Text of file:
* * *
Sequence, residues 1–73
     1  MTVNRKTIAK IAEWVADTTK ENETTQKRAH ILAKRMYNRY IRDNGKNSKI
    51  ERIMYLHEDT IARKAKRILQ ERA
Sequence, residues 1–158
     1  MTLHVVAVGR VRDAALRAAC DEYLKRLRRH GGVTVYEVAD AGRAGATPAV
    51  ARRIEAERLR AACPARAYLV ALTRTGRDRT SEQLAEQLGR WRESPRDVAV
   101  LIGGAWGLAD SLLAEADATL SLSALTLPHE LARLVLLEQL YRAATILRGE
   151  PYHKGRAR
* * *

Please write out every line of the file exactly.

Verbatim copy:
Sequence, residues 1–73
     1  MTVNRKTIAK IAEWVADTTK ENETTQKRAH ILAKRMYNRY IRDNGKNSKI
    51  ERIMYLHEDT IARKAKRILQ ERA
Sequence, residues 1–158
     1  MTLHVVAVGR VRDAALRAAC DEYLKRLRRH GGVTVYEVAD AGRAGATPAV
    51  ARRIEAERLR AACPARAYLV ALTRTGRDRT SEQLAEQLGR WRESPRDVAV
   101  LIGGAWGLAD SLLAEADATL SLSALTLPHE LARLVLLEQL YRAATILRGE
   151  PYHKGRAR